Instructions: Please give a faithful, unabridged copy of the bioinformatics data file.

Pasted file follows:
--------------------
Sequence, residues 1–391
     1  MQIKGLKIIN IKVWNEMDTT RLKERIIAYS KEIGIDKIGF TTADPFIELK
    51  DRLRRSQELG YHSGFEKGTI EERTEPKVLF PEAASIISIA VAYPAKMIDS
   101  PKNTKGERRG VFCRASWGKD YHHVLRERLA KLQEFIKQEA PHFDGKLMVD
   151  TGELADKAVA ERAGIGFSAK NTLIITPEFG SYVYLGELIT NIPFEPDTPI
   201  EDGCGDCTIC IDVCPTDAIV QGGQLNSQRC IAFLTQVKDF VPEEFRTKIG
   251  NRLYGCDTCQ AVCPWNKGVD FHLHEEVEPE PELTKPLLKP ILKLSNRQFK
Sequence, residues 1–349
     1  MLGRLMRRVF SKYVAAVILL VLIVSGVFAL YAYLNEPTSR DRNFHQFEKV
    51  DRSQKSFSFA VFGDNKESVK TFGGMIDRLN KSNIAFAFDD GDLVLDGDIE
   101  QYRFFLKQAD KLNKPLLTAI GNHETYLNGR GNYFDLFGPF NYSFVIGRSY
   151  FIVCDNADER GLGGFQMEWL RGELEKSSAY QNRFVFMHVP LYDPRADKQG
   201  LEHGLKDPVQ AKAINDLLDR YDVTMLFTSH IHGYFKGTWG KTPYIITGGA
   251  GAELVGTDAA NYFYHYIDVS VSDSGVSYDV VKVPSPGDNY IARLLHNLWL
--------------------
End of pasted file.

Sequence, residues 1–391
     1  MQIKGLKIIN IKVWNEMDTT RLKERIIAYS KEIGIDKIGF TTADPFIELK
    51  DRLRRSQELG YHSGFEKGTI EERTEPKVLF PEAASIISIA VAYPAKMIDS
   101  PKNTKGERRG VFCRASWGKD YHHVLRERLA KLQEFIKQEA PHFDGKLMVD
   151  TGELADKAVA ERAGIGFSAK NTLIITPEFG SYVYLGELIT NIPFEPDTPI
   201  EDGCGDCTIC IDVCPTDAIV QGGQLNSQRC IAFLTQVKDF VPEEFRTKIG
   251  NRLYGCDTCQ AVCPWNKGVD FHLHEEVEPE PELTKPLLKP ILKLSNRQFK
Sequence, residues 1–349
     1  MLGRLMRRVF SKYVAAVILL VLIVSGVFAL YAYLNEPTSR DRNFHQFEKV
    51  DRSQKSFSFA VFGDNKESVK TFGGMIDRLN KSNIAFAFDD GDLVLDGDIE
   101  QYRFFLKQAD KLNKPLLTAI GNHETYLNGR GNYFDLFGPF NYSFVIGRSY
   151  FIVCDNADER GLGGFQMEWL RGELEKSSAY QNRFVFMHVP LYDPRADKQG
   201  LEHGLKDPVQ AKAINDLLDR YDVTMLFTSH IHGYFKGTWG KTPYIITGGA
   251  GAELVGTDAA NYFYHYIDVS VSDSGVSYDV VKVPSPGDNY IARLLHNLWL